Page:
In order to understand how water behaves in the ocean, we are reproducing real-world features that we suspect have an important influence on the current’s behavior, but in miniature, and inside our water-filled tank. Then we can modify those features and observe which parts of them actually determine how the water flows, and which parts are not as important. In our case, we are changing the miniature coastline of Antarctica to see what makes the current turn and flow into a canyon instead of just going straight ahead.

Why rotation?
We need to rotate the tank to represent the Earth’s rotation. This is because the Earth’s rotation influences all large-scale movements on Earth, including ocean currents: Moving objects get deflected to their left on the Southern Hemisphere. Below is a short video of the rotating, empty tank, to show you what happens when you roll a ball in the rotating tank: It does not go straight ahead but just curves to the side!

Before Nadine, the scientist shown in the video, climbed into the tank, you saw her walking alongside it. Even though the tank was turning very slowly (only one rotation per 50 seconds), she had to walk quite fast to keep up! This is how fast we need to spin the tank in order to have it rotate at the right speed for the size of our Antarctica.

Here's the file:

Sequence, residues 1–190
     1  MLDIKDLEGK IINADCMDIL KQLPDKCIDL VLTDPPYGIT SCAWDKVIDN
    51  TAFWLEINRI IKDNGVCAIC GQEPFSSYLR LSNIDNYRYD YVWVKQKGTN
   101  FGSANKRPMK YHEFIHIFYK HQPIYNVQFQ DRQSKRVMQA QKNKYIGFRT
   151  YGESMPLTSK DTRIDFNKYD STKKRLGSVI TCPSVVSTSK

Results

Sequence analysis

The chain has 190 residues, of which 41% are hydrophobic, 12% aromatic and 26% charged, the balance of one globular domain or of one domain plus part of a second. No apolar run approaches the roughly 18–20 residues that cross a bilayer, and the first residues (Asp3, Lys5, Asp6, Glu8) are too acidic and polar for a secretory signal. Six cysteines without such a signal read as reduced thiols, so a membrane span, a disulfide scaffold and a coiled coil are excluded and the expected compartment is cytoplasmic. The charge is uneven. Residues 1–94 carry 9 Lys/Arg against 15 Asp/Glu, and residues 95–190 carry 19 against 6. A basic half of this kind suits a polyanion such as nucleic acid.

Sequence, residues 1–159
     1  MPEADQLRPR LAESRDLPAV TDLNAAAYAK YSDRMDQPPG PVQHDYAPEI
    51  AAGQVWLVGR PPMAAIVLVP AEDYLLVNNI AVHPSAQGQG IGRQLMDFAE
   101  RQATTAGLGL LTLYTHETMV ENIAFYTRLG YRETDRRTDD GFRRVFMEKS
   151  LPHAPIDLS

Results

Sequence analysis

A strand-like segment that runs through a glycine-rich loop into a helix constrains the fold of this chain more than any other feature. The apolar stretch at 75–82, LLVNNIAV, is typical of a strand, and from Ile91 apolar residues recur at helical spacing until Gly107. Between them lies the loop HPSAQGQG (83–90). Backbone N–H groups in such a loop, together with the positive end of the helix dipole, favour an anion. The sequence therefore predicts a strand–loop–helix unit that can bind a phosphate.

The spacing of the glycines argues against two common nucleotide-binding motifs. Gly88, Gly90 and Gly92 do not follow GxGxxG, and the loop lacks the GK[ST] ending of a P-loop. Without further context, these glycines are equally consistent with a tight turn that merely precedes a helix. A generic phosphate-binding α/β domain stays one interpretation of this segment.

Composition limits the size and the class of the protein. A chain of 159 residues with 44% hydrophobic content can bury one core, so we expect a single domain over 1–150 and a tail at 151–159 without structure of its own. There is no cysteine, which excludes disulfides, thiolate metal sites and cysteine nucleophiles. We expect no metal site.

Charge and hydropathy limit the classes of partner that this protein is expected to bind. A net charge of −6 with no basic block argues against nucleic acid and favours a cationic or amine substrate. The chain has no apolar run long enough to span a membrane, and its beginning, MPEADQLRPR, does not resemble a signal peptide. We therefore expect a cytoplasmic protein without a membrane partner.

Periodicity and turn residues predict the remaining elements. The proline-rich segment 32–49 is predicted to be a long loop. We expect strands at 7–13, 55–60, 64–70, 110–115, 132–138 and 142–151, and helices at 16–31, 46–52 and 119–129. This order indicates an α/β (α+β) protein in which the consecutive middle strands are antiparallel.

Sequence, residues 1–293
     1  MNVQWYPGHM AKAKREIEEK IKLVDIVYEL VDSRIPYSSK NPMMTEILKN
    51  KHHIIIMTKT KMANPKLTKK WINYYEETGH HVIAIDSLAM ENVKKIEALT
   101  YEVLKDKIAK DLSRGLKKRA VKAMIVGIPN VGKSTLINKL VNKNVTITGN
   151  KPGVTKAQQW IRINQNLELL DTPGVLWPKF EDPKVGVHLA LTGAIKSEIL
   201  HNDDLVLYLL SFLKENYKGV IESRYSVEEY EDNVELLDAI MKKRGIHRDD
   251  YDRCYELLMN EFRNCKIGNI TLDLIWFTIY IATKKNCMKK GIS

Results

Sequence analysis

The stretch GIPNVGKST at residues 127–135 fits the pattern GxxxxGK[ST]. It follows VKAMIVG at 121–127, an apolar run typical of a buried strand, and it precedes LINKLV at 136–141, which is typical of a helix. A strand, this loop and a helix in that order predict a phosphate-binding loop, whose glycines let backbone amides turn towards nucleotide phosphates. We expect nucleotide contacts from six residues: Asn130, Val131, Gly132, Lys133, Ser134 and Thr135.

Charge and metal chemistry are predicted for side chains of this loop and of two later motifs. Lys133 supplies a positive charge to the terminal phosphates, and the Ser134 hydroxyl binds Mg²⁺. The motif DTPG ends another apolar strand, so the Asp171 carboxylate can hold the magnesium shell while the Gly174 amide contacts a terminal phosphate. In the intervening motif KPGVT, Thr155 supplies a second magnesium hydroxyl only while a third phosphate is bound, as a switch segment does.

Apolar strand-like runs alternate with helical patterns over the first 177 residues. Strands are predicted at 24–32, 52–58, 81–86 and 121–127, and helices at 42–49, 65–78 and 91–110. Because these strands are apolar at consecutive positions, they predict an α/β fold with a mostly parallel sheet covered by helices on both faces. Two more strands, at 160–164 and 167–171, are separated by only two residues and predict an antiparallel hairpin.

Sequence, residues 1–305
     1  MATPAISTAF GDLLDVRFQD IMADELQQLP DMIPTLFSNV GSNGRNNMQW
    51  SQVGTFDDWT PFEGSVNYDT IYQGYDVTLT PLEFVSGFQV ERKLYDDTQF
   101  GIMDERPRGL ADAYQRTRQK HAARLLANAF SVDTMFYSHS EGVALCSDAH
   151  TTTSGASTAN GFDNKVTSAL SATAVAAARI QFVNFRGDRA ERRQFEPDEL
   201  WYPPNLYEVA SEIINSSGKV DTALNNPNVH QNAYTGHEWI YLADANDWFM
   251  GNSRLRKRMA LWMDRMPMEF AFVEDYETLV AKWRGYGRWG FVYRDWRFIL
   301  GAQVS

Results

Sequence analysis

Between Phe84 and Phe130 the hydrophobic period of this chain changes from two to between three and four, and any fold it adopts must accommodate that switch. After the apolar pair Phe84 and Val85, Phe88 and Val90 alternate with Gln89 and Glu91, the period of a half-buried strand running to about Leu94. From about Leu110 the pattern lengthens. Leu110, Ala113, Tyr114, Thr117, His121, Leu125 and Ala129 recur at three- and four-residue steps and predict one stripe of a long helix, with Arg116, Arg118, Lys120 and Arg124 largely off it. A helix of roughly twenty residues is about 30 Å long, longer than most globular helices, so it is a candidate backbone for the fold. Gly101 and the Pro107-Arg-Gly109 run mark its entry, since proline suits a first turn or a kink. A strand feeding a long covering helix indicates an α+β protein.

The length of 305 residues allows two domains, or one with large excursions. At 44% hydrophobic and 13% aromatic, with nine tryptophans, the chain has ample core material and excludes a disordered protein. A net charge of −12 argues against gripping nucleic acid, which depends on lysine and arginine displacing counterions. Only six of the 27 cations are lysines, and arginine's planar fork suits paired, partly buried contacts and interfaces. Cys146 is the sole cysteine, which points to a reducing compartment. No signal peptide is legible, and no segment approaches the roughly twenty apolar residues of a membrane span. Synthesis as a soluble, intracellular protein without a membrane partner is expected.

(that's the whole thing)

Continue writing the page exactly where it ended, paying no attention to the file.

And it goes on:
How does it all work?
There is only one tank of this size — 13 meter diameter! — in the world, and it is situated in Grenoble, France. Researchers from all over the world travel to France to do their experiments in this tank for a couple of weeks each. In the gif below, you see the tank rotating: First, you see an office moving past you (yes, there are several floors above the water, including the first one with an office, computers, desks, chairs and all! That’s where we are during experiments, rotating with the tank) and then you can see the water below, lit in bright green.

There is a huge amount of effort and money going into running research facilities like this, and everybody working with the tank needs to be highly specialized in their training.

What do experiments look like?